Update: The “Surviving Lies” Facebook page has been deleted.
Before the launch of the “Surviving Lies” website, a Facebook page of the same name was created. According to TMZ, Facebook has deleted the page, citing a violation of policy.
The page was shut down following the posting of alleged text messages between R. Kelly and a young woman, where she repeatedly called the singer, “daddy.” A spokesperson for Facebook told TMZ, “The Page violated our Community Standards and has been removed,” adding, “We do not tolerate bullying or sharing other’s private contact information and take action on content that violates our policies as soon as we’re aware.”
See the full story below.
R. Kelly plans to launch a “Surviving Lies” website to clear his name.
R. Kelly has reportedly responded to sexual abuse allegations in the new revealing Lifetime docuseries, Surviving R. Kelly. The controversial singer is gearing up to counter his accusers after multiple women shared allegations and experiences of sexual abuse in the series, according to a report in TMZ.
Sources close to Kelly reportedly told TMZ, the singer’s team is slated to launch a new website called survivinglies.com in an attempt to debunk his accusers’ stories of statutory rape, physical and mental abuse, psychological manipulation, coercion, and sex trafficking.
The singer is reportedly “disgusted” by the docu-series and views it as a “vendetta” against him by producers and others.
R. Kelly claims to not know half of the people who spoke out against him in the docu-series, and alleges that others who spoke in the series hate him for various personal and professional reasons. He also claims that there were people who wanted to go on camera to defend him but producers shut them out.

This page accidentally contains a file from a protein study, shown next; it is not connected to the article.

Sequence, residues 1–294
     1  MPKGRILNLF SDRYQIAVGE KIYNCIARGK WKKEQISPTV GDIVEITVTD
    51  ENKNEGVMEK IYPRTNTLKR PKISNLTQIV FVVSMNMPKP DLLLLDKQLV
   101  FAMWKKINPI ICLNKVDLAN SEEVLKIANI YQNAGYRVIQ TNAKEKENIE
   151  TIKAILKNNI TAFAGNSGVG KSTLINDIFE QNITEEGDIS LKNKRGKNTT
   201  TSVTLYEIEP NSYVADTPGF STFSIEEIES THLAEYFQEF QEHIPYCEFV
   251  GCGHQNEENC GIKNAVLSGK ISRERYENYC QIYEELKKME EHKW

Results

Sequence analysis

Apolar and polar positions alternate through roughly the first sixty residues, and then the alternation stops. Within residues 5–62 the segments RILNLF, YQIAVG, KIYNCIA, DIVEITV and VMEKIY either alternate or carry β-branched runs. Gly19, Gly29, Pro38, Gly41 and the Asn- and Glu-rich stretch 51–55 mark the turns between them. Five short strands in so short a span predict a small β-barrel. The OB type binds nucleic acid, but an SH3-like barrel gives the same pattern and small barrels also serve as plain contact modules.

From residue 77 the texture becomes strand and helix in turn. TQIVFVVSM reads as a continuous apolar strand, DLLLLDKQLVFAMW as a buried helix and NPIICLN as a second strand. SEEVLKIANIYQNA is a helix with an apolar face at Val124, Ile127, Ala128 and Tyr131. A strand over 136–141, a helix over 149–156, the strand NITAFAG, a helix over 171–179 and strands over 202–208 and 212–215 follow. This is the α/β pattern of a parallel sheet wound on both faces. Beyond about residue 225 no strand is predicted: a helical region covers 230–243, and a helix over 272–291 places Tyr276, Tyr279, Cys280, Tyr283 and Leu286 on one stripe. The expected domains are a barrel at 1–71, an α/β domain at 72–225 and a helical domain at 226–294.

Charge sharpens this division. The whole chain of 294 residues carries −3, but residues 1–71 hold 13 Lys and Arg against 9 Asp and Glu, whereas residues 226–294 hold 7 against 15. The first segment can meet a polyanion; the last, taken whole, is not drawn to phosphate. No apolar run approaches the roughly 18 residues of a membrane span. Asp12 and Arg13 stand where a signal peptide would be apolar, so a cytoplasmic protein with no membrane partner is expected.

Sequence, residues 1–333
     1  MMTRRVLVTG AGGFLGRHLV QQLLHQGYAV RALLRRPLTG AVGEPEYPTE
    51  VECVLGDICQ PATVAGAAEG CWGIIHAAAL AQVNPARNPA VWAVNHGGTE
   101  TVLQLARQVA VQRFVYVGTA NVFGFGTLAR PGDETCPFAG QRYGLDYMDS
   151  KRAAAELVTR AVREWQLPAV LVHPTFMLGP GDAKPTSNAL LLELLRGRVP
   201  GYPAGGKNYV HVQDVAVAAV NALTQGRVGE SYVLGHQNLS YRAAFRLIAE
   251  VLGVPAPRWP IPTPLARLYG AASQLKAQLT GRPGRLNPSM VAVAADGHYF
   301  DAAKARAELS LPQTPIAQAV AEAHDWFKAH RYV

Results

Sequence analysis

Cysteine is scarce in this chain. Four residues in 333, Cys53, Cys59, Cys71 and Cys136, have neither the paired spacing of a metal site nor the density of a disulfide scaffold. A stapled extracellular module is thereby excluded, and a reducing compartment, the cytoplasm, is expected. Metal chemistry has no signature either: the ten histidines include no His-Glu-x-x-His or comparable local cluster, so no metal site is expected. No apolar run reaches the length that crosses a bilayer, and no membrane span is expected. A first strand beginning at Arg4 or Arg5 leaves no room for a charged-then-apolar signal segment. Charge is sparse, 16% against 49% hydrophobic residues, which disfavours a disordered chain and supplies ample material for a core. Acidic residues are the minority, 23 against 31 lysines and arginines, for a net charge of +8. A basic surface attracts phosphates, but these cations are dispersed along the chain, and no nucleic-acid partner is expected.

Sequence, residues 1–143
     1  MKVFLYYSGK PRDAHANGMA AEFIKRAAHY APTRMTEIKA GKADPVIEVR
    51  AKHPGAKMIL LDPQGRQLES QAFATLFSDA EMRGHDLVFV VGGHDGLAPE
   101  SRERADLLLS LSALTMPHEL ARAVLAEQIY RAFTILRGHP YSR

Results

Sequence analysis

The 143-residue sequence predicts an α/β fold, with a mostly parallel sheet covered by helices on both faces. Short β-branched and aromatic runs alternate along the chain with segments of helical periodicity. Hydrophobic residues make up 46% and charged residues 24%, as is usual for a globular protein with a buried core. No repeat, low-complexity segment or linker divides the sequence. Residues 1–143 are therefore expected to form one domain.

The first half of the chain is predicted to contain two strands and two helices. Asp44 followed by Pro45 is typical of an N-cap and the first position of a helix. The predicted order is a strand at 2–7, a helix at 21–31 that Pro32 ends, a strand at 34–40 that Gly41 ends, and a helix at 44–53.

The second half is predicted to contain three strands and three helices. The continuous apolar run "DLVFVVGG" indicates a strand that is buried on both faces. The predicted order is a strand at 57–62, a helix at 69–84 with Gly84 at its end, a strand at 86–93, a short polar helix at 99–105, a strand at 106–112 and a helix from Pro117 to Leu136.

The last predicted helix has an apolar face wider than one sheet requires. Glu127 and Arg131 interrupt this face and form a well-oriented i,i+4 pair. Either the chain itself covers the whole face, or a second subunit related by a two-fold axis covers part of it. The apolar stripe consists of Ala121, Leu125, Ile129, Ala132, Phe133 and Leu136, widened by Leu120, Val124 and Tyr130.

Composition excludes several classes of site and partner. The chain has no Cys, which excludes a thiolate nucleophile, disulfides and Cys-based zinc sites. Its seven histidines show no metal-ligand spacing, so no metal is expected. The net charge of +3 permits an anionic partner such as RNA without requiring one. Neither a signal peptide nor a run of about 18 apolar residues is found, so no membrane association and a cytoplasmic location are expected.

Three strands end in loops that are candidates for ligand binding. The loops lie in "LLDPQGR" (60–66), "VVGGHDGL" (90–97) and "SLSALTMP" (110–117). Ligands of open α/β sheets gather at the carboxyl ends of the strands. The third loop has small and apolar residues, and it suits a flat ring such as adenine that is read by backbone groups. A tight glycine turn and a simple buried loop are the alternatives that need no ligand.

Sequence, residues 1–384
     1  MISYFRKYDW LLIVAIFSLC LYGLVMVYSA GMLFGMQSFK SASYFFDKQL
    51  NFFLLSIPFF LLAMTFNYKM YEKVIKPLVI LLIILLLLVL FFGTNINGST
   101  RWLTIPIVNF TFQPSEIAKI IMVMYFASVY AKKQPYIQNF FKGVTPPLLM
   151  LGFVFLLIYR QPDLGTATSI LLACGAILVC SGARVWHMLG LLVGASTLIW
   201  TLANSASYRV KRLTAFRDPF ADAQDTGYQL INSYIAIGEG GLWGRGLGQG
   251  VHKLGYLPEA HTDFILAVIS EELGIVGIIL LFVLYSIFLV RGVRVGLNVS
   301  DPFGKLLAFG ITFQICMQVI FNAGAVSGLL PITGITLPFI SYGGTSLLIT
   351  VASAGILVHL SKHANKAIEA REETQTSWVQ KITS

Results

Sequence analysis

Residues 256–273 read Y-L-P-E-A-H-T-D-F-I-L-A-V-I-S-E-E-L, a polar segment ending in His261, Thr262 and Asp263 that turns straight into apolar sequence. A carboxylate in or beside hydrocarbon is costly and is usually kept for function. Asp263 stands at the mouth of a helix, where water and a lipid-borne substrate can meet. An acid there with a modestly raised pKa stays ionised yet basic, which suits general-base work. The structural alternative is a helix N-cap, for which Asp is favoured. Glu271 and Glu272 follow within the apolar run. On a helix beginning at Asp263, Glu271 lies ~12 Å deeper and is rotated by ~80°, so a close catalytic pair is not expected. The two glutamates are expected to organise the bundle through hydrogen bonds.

According to TMZ, sources close to the singer say, “He’s going to sue everybody who had anything to do with this.”
In an interview with SiriusXM’s “The Karen Hunter Show,” Surviving R. Kelly executive producer dream hampton shared some discoveries she made during filming. “I wish that he would have gotten help,” she told Karen Hunter.
“The things that I learned making this documentary that couldn’t make it in for legal reasons… A&E is a publicly traded company. They own Lifetime, Bunim/Murray is a production company that’s been in business as long as it has because they have a team of lawyers. So, there are so many things that I can’t talk about and will never talk about and quite frankly you don’t want to. It’s so dark and sad and traumatic.”
She continued, “I wish that he would have gotten help,” adding, “What could we have done if maybe had there been some public shaming or, or just holding his feet to the fire. Maybe he could’ve gotten help when he was 30, or you know, 29 when the Aaliyah stuff broke.”
Listen to the full interview below.
Ivie is a Nigerian-American, native New Yorker, and journalist covering culture. Usually on-air, on deadline, and on point. @ivieani